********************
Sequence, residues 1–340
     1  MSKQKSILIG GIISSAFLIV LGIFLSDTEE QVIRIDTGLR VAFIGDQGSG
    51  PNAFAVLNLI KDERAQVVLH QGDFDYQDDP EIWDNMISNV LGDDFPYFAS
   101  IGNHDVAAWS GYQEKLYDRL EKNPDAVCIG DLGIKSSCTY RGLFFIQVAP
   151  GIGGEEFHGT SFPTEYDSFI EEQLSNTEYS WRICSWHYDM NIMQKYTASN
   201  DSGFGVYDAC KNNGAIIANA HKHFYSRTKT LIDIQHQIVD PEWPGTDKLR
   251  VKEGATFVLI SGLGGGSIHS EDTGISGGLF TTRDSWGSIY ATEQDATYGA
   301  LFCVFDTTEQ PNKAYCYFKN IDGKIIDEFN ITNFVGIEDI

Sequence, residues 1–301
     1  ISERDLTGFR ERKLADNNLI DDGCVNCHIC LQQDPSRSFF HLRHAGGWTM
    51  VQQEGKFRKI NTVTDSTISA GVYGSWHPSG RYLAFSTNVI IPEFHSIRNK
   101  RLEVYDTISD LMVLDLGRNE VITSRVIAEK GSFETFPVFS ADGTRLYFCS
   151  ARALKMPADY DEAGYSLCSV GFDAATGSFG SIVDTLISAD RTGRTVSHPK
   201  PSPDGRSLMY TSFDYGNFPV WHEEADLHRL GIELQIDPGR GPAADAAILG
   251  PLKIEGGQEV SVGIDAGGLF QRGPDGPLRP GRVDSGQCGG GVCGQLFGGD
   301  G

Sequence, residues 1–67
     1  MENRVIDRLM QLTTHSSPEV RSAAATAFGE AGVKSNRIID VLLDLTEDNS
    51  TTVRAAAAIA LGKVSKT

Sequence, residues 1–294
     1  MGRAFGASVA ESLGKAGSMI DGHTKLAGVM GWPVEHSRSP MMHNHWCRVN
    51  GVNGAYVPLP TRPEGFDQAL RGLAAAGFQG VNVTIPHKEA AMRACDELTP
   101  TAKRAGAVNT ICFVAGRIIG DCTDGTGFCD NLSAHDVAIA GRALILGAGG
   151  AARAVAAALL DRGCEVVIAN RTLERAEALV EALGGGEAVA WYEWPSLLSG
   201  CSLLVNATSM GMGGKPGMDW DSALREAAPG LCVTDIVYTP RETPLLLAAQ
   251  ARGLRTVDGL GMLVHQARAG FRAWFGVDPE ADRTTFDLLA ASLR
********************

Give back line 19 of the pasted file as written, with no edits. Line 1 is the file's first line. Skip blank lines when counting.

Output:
    51  TTVRAAAAIA LGKVSKT